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Cleaning up after the storm

Deerfield Valley towns pull together, one week after Irene

DOVER—On Aug. 28, Tropical Storm Irene’s rains swelled the Deerfield River into a recordbreaking flood.

Floodwaters hit many Vermont communities hard, churning up roads, leaving behind rocky riverbeds, drowning main streets in water and mud, and knocking out phone, electric, and municipal water systems.

East Dover lost power and phone as a domino effect of the storm’s impact on infrastructure in Newfane. Wilmington’s downtown was submerged under more water than the previous record flood during the hurricane of 1938.

Both towns suffered road damage that has hampered the recovery effort.

But the speed of the cleanup and recovery from this disaster has been described as tremendous, thanks to teamwork and hard work by town officials and employees and community members.

Dover Selectboard member Colby Dix said his town launched the Hurricane Irene Emergency Task Force to respond to the storm’s aftermath.

The task force has tackled issues like restoring utilities, repairing roads, communicating with the Federal Emergency Management Agency (FEMA), and testing water.

“[Considering everything] Dover is doing remarkably well,” said Dix. He credits the Herculean effort of the town’s forward, albeit slow, progress to the road crew, engineering staff, business owners, community members, and volunteers.

Dover’s cleanup will prove easier than Wilmington’s, Dix thinks, because the water that flooded Dover contained fewer hazardous materials.

Unlike Wilmington, Dover didn’t experience a break of the sewer lines. The water flowing along Route 100 also didn’t come into contact with as many hazardous materials like propane tanks or Dumpsters.

Dix estimates that 100 percent of Dover’s roads “are passible” and about 60 percent “are repaired.”

Got gravel?

One challenge for many communities, said Dix, is repairing the roads.

Most towns don’t stockpile the hefty amount of fill or gravel materials to repair the number of roads washed away by Irene, he said.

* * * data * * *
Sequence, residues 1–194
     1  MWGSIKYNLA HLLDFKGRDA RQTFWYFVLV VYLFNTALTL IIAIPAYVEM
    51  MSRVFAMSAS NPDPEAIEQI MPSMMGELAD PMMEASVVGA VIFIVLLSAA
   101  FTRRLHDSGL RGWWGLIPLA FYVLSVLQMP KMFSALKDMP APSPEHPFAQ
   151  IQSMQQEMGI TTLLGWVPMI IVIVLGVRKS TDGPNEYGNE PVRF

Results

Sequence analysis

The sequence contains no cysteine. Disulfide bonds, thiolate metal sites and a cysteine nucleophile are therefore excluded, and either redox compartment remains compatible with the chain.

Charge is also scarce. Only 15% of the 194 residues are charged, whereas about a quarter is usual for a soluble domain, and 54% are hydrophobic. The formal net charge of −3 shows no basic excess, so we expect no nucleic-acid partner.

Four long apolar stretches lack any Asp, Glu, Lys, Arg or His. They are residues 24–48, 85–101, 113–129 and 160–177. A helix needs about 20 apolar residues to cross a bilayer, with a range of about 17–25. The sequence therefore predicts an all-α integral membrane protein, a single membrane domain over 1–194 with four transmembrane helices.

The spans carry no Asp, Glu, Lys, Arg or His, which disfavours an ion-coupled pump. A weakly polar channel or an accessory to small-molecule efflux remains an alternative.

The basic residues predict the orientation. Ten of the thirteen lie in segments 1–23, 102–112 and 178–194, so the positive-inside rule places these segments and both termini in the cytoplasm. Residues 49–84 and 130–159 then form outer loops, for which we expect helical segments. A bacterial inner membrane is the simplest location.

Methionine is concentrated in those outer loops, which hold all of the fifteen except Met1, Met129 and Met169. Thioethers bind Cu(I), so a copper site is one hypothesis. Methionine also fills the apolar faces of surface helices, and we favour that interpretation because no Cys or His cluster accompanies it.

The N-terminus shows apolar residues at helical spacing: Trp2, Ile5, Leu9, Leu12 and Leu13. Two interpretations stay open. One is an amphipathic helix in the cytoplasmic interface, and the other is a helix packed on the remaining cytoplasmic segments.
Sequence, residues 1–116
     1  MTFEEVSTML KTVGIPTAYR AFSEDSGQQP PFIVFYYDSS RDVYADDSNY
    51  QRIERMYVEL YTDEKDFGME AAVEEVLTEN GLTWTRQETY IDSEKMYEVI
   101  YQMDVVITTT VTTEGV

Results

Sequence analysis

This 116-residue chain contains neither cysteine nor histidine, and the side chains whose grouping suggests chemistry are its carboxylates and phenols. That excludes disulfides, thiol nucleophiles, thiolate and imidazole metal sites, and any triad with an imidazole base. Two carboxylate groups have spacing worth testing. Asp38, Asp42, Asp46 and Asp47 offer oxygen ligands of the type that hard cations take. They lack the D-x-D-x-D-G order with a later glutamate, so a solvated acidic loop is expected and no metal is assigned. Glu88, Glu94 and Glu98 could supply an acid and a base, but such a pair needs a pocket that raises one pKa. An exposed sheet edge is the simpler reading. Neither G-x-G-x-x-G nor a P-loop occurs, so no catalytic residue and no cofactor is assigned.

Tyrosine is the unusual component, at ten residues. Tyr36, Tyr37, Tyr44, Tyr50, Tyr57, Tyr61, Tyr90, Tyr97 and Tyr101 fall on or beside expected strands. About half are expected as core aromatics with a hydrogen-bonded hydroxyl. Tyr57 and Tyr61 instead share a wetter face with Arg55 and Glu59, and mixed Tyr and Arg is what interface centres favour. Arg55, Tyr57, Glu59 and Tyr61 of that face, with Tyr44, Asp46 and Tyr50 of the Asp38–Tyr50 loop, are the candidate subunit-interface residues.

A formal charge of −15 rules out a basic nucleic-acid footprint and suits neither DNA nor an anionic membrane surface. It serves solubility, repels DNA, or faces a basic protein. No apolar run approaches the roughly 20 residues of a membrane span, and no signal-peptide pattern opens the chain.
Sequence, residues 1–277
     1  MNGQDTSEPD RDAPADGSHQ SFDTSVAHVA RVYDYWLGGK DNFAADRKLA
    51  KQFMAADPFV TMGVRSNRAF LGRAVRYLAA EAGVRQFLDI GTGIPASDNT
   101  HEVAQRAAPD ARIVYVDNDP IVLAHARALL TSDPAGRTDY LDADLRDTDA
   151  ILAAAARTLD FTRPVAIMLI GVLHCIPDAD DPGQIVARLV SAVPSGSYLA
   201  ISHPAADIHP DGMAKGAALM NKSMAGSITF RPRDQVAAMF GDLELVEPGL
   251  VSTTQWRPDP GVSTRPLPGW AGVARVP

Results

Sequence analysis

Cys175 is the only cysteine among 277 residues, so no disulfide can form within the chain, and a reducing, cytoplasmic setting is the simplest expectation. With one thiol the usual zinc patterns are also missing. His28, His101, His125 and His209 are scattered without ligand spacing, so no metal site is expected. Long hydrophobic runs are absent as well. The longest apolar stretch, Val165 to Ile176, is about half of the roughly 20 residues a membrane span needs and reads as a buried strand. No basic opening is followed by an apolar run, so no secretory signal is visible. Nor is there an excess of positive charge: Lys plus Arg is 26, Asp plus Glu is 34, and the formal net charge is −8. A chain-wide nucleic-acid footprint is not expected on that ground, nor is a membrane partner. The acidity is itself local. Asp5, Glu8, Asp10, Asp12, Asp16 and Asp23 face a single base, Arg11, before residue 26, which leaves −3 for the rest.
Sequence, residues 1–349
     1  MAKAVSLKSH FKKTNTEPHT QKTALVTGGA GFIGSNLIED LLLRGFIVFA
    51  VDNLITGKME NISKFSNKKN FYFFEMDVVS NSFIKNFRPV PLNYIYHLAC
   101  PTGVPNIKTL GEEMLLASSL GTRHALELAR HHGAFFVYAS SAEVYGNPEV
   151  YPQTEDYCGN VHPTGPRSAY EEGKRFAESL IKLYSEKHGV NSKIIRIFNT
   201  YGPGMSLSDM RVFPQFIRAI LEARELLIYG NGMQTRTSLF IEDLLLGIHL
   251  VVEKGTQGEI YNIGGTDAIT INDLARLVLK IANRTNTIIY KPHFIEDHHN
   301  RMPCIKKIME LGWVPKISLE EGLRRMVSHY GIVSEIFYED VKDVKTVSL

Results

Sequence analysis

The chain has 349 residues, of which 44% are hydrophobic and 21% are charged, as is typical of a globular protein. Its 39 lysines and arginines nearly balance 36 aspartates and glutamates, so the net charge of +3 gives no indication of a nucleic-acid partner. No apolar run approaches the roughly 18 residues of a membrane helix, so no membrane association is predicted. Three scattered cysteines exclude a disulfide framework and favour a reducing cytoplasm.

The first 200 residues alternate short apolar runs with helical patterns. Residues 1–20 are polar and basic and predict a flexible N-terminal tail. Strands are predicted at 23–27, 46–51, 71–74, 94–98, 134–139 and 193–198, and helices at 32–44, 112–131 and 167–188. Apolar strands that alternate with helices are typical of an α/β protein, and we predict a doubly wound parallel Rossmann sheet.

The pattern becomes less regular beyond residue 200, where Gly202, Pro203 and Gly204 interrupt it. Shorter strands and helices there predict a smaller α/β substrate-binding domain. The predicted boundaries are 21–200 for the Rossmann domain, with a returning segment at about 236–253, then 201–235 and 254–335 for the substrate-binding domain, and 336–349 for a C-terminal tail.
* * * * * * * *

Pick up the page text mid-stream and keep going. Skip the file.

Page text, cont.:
To help assuage the towns scrambling to rebuild roads, the Agency of Natural Resources has temporarily relaxed its rules about where towns can take fill, allowing them to pull it from places like usually-forbidden streams.

Dover lucked out, Dix said. The town was at the start of its summer road projects so had more than the usual stock of building materials on hand. Mount Snow, owned by Missouri-based Peak Resorts, also gave the Dover road crew “blast fill” from the company’s Haystack project.

Verizon came through for the town by setting up temporary cell towers, said Dix.

It has taken engineering crews longer to return power and phone services to East Dover than to West Dover, said Dix.

The area’s damage, he said, has less to do with water that the fact that the majority of its cables run from Newfane, which sustained heavy storm damage.

Without phones, East Dover residents had no way to call for help, said Dix.

In response, Verizon assembled temporary, generator-powered cell towers. The Wireless Zone, a Verizon-affiliated store in Brattleboro, donated used cell phones to the town, allowing residents, at the minimum, to call 911.

Mount Snow pitches in

Dix describes Mount Snow’s support as “outstanding.”

The resort opened its Snow Lake lodge to valley residents displaced by the flood, and sent three excavators and operators into the community to help repair residents’ driveways, taking “a load off the town crew,” said Dix.

The company also canceled its Labor Day weekend Brewers Festival to give the community time to repair roads.